Wildfires in Oregon: Businesses and Jobs in Evacuation Zones

Over the past several days, we’ve watched in collective fear and sadness as more than 1 million acres of our beautiful state have gone up in flames. While in recent history most wildfires have been isolated to wilderness areas, the 16 fires burning across Oregon as of September 11, 2020 are destroying homes and businesses in several areas across the state. While the Research Division of the Employment Department cannot quantify or capture the immensity of these losses, we do have information about the businesses and jobs in current wildfire evacuation zones.

To get to such detailed levels of geography, we have to use information from our Quarterly Census of Employment and Wages, and that information has a time lag. So the estimates used here reflect business establishments and jobs covered by Unemployment Insurance taxes as of this time last year, the third quarter of 2019.

Impact by County

The number of business establishments in wildfire evacuation zones near the height of evacuations, on September 11, 2020, totaled 21,350 across 13 different counties. These business establishments had 232,600 jobs. For context, that’s nearly the same size as the entire private health care industry (262,400 jobs) in Oregon statewide during the third quarter of 2019. The majority of these business establishments (60%) and their jobs (61%) are under Level 1 (or “Be Ready”) evacuation orders. Another 30 percent of the affected businesses (and 29% of their jobs) are in Level 2 (or “Be Set”) evacuation status.

One out of 10 business establishments and related employment in current wildfire evacuation zones are in Level 3 (“Go”) status.

Clackamas County has both the largest employment in Level 3 areas (10,000 jobs) and across all evacuation levels (166,000). Jackson County’s employment in current evacuation zones totals 37,300 jobs, with 4,000 of those in Level 3 areas. While Marion County has the third-highest total of jobs in all evacuation areas (13,100), Lincoln County has the third-highest Level 3 jobs count (2,100).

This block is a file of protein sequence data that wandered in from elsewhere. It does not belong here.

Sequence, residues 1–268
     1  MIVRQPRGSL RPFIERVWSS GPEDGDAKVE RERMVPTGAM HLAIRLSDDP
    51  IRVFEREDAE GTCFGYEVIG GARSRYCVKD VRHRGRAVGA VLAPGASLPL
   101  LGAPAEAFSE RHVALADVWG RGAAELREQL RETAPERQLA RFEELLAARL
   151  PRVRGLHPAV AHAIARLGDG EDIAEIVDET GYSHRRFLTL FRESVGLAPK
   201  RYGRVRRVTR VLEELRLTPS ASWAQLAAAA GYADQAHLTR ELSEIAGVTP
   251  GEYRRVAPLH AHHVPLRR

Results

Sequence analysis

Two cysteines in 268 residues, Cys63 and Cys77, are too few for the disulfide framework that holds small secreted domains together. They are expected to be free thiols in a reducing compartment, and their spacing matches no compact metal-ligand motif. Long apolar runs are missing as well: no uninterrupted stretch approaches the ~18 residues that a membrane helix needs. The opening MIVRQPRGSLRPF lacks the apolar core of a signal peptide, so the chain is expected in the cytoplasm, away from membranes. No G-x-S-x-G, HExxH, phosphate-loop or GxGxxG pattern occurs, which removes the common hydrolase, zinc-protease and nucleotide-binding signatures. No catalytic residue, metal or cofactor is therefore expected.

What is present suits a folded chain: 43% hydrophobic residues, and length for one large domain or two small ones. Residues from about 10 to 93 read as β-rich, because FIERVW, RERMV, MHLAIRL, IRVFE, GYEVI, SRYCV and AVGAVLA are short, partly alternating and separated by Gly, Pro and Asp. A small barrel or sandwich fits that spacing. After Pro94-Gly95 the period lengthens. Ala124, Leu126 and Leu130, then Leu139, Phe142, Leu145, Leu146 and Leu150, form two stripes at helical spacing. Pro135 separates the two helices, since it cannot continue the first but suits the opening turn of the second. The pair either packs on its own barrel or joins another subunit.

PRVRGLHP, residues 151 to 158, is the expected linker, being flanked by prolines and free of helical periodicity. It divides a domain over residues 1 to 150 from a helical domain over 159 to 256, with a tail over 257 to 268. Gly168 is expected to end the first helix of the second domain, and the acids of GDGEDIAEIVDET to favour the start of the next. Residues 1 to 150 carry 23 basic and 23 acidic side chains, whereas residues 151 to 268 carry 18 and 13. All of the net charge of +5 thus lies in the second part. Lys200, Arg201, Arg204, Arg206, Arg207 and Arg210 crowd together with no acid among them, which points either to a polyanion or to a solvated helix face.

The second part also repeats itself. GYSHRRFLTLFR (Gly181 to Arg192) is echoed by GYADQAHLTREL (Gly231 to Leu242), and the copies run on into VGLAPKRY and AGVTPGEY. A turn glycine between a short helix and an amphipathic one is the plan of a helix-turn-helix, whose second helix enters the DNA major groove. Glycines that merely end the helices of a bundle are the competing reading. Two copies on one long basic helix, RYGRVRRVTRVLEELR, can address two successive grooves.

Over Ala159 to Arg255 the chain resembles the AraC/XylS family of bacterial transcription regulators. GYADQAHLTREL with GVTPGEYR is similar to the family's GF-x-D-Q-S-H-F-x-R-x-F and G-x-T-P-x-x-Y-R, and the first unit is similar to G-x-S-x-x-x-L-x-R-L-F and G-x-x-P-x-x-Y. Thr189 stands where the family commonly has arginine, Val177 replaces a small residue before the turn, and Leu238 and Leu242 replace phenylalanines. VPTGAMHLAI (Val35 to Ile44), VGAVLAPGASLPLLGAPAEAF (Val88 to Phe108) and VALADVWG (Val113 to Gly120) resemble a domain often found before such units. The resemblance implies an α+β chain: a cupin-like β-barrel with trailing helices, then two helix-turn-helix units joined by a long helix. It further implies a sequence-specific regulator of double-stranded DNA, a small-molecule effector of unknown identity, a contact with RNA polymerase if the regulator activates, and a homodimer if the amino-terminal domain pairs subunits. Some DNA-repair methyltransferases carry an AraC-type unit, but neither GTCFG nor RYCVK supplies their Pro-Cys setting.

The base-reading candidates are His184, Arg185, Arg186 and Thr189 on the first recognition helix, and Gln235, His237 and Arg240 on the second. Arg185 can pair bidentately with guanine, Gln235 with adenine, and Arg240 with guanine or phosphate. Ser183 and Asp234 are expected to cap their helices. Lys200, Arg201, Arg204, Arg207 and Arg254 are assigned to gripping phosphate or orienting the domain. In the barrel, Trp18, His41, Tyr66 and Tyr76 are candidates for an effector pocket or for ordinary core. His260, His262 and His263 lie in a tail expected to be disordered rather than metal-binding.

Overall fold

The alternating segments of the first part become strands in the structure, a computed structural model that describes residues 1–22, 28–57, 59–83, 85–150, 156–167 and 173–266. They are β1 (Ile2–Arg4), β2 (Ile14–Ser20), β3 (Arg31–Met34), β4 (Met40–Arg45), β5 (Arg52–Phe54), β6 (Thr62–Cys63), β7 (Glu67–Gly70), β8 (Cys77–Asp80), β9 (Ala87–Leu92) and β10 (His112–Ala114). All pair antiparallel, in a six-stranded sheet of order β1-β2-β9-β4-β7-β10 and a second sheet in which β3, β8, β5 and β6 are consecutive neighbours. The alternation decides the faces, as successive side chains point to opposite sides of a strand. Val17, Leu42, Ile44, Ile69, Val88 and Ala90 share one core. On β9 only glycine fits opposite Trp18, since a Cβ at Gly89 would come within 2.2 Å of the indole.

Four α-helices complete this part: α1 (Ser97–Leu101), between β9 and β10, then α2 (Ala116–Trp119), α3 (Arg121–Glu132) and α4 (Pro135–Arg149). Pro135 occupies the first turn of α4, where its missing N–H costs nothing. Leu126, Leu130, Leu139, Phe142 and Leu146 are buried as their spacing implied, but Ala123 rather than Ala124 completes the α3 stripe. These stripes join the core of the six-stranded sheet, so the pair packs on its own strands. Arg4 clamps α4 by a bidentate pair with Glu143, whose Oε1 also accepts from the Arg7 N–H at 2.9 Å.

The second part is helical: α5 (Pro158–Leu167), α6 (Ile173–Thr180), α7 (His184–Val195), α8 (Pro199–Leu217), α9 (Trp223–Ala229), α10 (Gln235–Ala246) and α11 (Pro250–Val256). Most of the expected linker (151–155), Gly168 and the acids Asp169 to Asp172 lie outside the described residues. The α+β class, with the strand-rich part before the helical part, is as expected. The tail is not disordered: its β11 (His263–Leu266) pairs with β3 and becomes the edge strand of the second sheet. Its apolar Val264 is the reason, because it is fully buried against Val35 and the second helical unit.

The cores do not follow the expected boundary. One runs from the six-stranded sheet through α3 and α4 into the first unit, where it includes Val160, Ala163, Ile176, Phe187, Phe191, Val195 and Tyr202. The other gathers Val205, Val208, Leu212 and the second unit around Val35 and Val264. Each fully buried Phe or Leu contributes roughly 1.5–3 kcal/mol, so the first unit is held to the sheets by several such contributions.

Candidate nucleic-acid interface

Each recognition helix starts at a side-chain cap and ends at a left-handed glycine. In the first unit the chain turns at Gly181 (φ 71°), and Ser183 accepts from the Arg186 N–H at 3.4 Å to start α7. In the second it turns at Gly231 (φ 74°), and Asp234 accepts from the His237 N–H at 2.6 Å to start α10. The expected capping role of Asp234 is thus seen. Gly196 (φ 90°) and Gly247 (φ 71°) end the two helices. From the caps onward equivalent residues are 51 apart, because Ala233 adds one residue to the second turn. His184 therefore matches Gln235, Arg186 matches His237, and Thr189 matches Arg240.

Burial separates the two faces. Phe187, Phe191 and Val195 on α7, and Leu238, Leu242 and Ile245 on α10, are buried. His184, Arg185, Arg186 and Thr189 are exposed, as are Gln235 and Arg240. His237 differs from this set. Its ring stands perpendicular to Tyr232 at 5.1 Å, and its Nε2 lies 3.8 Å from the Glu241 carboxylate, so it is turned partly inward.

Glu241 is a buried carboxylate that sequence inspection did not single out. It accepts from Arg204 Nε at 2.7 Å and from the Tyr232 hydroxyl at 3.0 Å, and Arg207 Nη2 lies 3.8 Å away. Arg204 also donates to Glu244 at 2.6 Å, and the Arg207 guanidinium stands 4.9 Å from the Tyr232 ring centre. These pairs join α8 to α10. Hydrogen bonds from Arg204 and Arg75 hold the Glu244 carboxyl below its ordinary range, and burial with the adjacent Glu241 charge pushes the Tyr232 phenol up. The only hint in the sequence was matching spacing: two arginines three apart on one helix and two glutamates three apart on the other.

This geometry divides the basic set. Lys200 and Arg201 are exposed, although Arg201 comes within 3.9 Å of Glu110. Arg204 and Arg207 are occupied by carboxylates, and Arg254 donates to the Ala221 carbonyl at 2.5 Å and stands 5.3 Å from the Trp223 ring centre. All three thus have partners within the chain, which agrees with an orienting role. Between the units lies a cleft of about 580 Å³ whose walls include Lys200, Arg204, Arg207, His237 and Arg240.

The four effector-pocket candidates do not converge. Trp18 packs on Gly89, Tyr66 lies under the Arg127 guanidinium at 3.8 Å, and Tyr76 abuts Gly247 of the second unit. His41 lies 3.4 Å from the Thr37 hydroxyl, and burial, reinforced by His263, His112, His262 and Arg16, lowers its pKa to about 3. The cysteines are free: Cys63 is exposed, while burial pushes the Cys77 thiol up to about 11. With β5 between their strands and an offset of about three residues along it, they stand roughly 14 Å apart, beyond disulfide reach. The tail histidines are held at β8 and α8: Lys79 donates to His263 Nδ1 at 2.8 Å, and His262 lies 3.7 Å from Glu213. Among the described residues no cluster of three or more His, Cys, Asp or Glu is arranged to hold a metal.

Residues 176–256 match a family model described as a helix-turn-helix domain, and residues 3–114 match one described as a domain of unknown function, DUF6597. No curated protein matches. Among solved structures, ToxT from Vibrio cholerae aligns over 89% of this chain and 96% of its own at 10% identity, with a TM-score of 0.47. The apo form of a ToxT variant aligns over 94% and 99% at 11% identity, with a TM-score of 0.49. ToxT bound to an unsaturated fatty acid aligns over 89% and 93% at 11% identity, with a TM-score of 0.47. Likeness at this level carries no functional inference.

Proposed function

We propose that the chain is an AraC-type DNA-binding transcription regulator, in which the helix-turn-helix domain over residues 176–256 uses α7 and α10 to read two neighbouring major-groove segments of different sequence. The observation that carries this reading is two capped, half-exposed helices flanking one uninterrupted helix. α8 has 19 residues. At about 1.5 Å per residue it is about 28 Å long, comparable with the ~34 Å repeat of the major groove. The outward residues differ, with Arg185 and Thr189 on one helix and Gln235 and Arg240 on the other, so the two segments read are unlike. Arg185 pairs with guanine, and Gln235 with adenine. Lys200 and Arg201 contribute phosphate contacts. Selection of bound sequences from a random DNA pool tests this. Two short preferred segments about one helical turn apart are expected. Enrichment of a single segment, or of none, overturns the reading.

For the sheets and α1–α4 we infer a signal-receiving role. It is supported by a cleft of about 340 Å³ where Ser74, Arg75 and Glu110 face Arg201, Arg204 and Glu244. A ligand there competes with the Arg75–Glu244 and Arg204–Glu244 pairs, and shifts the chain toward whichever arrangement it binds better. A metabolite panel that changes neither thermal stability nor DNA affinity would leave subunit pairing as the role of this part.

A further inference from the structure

Effects Vary by Sector

By industry sector, those with the largest job totals in all levels of evacuation zones – health care, retail trade, and leisure and hospitality – are among the state’s largest overall industries. If we look just at the most-impacted, Level 3 areas, the largest numbers of jobs come from natural resources and mining (3,700), which makes sense given the geography of wildfires. The level of impact is notable though: while natural resources and mining made up 4 percent of all jobs in the third quarter of 2019, the industry accounts for one out of five (18%) of Level 3 evacuation area jobs. Construction is also disproportionately affected, with 13 percent of Level 3 area jobs, compared with 8 percent of all jobs.

Underestimated Impacts

We know these estimates of business establishments and jobs disrupted by wildfires understate the overall impact on Oregon. Some displaced Oregonians living within the evacuation zones hold jobs elsewhere. Using the September 11, 2020 evacuation boundaries in the U.S. Census Bureau’s OnTheMap tool, we find 250,200 primary jobs held by workers living in all evacuation zones. Unfortunately this too is an undercount, as the most recent data in OnTheMap date back to 2017.

In addition, many businesses and households outside of evacuation zones in Oregon are impacted by the fires. Several consecutive days of hazardous air quality conditions have led to temporary business reductions or closures. Ventilation concerns due to the ongoing COVID-19 pandemic can be at odds with keeping unhealthy air outside, and some businesses utilizing more outdoor space to offset indoor capacity limitations now also face the inability to use outdoor areas. The personal and economic disruption caused by these disasters cannot be fully measured.

By Gail Krumenauer
State Employment Economist
Oregon Employment Department

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